Pseudorabies virus glyprotein e gene: sequence analysis and relationship to other homologous genes
Alauddin, Zeenathul Nazariah and Mohd Lila, Mohd Azmi and Abdul Rahman, Sheikh Omar and Ideris, Aini and Bahaman, Abdul Rani and Mutalib, Abdul Rahim (2007) Pseudorabies virus glyprotein e gene: sequence analysis and relationship to other homologous genes. Jurnal Veterinar Malaysia, 19 (1). pp. 7-16. ISSN 9128-2506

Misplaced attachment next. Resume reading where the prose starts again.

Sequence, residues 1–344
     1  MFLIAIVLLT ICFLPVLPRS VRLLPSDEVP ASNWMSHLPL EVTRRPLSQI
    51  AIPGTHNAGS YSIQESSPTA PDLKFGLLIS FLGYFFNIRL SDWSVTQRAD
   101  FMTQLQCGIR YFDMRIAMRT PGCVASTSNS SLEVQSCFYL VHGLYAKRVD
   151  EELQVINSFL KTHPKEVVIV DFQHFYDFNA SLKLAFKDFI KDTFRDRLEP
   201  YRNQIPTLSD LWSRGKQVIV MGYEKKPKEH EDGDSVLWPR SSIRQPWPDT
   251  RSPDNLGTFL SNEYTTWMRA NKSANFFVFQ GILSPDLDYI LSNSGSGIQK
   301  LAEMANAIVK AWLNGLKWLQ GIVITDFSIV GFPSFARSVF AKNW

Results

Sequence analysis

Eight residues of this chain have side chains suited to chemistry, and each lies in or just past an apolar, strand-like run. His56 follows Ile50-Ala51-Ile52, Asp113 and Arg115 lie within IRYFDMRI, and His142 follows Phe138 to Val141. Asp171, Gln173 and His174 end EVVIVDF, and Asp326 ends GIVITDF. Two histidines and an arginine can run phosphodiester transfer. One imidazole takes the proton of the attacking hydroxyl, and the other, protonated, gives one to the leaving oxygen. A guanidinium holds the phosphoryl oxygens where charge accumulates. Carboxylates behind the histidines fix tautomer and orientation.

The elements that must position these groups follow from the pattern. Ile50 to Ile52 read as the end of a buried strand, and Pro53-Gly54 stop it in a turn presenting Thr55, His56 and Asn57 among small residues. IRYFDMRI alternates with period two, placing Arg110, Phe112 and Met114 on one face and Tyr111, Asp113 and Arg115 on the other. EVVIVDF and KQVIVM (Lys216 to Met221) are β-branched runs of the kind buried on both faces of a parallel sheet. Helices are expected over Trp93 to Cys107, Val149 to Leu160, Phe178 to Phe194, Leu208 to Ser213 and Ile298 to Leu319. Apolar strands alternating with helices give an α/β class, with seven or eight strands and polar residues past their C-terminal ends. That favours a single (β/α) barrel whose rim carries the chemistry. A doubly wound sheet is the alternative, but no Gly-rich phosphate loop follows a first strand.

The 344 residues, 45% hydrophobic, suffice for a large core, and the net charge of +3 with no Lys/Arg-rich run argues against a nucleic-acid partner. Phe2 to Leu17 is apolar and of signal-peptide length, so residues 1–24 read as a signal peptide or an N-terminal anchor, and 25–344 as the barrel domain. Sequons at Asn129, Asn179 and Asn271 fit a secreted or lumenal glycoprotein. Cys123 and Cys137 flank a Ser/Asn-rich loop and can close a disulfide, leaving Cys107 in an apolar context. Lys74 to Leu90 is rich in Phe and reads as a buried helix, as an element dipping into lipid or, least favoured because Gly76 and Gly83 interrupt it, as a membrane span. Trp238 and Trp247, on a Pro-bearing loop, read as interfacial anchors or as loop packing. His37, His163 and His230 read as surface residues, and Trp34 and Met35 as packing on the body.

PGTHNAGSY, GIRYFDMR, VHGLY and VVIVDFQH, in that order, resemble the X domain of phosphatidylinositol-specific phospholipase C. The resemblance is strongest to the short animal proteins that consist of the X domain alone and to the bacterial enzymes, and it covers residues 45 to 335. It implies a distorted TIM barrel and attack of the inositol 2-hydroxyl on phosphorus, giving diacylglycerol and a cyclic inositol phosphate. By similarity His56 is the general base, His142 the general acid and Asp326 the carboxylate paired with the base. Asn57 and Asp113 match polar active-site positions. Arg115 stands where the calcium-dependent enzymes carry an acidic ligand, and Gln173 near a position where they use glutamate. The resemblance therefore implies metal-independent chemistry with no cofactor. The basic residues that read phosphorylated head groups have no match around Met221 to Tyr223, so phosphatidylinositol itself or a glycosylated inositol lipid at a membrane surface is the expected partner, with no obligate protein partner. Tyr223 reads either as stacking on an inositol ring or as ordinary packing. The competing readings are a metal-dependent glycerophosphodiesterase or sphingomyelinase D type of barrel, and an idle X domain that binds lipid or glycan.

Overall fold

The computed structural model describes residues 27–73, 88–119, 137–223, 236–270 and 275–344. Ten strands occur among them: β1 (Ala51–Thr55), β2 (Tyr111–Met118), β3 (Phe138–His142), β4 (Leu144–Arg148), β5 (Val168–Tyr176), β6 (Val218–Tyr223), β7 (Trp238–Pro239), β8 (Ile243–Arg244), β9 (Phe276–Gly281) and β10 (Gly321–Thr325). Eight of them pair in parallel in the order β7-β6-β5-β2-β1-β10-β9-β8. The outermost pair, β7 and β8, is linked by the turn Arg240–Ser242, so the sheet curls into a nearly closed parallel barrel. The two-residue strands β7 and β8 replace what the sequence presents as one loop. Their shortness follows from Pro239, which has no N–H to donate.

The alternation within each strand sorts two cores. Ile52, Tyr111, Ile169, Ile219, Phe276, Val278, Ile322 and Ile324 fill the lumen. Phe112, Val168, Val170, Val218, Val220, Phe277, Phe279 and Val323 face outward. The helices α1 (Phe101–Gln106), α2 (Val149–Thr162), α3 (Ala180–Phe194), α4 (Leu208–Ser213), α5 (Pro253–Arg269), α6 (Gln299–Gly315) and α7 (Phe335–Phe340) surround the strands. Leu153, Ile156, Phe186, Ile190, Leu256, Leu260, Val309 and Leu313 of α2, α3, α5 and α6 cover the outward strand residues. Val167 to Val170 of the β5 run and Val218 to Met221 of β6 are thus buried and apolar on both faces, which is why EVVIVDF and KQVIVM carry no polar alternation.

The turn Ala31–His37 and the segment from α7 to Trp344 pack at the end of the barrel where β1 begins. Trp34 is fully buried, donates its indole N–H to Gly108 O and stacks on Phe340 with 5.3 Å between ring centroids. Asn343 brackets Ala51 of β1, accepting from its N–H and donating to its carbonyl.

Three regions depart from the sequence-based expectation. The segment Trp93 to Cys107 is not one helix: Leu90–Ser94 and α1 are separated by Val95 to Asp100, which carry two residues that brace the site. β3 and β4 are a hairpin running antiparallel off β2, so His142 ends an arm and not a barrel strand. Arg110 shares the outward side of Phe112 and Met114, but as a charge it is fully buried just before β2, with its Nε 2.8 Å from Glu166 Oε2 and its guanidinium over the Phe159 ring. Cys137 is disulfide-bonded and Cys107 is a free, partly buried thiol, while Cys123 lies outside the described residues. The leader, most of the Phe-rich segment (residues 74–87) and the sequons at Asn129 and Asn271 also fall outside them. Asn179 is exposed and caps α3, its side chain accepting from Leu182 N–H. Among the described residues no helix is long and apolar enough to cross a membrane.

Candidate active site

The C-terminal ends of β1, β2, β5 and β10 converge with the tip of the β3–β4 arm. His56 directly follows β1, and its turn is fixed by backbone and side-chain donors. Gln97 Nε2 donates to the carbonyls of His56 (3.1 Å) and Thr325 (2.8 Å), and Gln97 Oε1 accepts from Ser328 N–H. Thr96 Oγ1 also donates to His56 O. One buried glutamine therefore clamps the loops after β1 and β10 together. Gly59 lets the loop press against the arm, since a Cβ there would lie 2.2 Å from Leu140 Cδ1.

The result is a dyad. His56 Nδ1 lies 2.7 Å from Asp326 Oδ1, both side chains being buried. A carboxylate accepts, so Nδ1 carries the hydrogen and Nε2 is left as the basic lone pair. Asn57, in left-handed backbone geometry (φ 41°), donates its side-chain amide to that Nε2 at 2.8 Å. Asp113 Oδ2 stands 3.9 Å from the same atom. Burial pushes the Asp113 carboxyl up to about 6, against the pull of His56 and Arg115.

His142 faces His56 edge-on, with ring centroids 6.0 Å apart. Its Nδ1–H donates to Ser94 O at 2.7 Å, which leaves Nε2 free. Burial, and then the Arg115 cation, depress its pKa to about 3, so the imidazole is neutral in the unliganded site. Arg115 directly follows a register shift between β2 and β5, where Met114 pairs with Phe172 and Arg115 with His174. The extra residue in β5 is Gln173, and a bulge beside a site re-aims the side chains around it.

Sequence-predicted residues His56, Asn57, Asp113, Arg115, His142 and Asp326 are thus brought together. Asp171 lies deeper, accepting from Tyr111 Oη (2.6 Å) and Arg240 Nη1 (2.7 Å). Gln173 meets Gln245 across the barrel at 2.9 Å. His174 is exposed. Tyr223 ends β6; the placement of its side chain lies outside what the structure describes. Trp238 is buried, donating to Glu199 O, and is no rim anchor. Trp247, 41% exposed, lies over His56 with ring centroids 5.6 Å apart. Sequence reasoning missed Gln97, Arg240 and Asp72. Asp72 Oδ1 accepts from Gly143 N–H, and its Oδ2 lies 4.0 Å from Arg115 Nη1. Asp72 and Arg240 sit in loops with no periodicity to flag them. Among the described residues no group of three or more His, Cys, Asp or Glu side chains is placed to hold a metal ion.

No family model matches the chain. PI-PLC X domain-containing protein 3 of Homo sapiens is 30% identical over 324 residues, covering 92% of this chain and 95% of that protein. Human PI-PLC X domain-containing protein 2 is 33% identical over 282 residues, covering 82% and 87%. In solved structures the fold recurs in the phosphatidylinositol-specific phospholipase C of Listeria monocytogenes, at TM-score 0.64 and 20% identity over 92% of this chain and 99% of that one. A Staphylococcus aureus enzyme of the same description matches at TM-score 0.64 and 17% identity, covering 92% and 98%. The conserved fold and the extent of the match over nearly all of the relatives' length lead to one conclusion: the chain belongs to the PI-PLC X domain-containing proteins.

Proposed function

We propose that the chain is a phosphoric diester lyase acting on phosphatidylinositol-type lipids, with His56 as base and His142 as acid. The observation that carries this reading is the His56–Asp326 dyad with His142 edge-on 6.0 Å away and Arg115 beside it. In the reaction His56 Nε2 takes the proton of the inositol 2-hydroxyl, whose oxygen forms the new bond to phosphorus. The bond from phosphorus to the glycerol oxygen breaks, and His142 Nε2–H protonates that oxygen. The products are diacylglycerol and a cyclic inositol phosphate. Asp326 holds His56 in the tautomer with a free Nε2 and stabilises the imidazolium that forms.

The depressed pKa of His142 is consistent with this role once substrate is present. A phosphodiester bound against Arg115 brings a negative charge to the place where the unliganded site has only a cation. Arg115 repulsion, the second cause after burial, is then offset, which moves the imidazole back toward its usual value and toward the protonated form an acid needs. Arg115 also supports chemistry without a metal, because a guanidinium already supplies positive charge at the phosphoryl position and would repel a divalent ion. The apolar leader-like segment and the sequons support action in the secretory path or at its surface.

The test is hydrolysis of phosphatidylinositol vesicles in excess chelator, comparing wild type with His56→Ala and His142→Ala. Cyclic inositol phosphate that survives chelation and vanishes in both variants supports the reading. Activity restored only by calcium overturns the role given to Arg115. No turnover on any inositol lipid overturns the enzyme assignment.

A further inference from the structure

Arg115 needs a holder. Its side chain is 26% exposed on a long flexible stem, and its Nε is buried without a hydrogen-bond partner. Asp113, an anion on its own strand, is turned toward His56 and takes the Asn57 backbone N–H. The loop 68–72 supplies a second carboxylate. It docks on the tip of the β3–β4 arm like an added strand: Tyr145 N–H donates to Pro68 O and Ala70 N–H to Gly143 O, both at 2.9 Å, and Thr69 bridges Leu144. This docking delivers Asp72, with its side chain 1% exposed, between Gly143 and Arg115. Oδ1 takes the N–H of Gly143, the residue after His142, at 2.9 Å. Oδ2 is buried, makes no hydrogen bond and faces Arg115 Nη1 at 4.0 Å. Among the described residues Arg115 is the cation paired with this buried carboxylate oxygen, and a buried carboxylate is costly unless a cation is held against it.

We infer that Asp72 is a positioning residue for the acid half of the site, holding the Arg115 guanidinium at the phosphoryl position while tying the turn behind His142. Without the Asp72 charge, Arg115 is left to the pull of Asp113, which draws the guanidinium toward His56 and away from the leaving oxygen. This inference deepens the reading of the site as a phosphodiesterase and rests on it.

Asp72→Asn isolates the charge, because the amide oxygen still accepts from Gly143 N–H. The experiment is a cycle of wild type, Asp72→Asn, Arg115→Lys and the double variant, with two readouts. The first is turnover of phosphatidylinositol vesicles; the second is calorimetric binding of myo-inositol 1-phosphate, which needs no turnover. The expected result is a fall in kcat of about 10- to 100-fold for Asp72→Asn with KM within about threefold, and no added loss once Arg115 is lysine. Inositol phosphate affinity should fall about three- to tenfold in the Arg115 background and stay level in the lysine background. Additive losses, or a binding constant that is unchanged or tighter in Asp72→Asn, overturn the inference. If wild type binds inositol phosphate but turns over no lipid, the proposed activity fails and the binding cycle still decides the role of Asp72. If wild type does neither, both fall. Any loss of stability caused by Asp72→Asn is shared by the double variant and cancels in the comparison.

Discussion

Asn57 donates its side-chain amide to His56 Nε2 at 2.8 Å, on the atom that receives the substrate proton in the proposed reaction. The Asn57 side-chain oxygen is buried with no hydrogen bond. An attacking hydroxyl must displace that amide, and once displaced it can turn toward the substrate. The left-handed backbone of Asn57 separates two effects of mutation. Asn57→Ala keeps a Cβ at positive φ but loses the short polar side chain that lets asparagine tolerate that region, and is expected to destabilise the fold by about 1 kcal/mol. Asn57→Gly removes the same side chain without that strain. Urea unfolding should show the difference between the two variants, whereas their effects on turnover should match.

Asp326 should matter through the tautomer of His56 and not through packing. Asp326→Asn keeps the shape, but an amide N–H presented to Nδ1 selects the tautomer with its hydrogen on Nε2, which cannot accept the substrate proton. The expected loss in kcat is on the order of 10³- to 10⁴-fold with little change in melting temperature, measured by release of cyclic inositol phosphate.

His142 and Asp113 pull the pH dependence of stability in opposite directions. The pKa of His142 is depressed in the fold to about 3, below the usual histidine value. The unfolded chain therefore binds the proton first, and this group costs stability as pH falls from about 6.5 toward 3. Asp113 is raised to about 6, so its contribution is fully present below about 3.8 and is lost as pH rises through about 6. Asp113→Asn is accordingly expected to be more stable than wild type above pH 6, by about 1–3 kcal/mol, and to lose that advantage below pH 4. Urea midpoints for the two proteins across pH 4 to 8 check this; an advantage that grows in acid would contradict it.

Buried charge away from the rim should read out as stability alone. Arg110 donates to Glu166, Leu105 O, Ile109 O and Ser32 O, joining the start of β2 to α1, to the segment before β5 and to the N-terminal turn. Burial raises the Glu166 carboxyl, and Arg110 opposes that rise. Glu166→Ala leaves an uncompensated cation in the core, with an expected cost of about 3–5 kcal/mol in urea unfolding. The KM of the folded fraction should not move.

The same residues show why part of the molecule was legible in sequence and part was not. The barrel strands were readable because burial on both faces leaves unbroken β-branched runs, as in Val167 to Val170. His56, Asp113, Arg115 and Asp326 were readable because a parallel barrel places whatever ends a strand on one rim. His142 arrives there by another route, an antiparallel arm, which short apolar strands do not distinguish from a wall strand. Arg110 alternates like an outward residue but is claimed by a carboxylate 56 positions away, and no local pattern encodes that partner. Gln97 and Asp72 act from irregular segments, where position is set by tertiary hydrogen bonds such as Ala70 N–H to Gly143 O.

The glycoprotein E (gE) gene is a virulence-associated gene of pseudorabies virus (PrV). This paper reports the first documented gE sequence analysis of a locally derived PrV. A comparative sequence analysis with other herpesviral gE homologues was also performed to give an insight on where it stands among the pool of genes. The gE gene of TK gE PrV features a typical type 1 membrane protein which starts with the initiator methionine and followed directly with a 27-amino-acids signal sequence. Basically the gene could be divided into three distinct functional domains: a 429-amino-acids ectodomain, a 26-amino-acid hydrophobic transmembrane domain and a 123-amino-acid, highly charged cytoplasmic domain. A high degree of gE gene conservation was shared between TK gE+ PrV and other PrV strains. Only 23 to 31% homology was found when compared among the gE proteins of alphaherpesvirus from diverse animals. Despite the low overall level of identity, considerable similarity of cystein rich regions was observed among gE genes, indicating some important sequences for the structure of these glyproteins. Although, the gE of PrV strains have closely conserved predicted N-Linked glycosylation sites, they have no counterparts in the homologous proteins of other alphaherpesviruses. Comparison of amino acid sequences with gE homologs indicated a greater diversity of sequences in the N- terminal region of the protein. It also highlighted several features of the gE protein conserved throughout the herpesvirus family which is also shared by TK gE+ PrV. Characterisation of the local Prv gE at molecular level may facilitate the construction of recombinant or chimeric PrV as vehicles for the delivery of vaccine antigens to the host.
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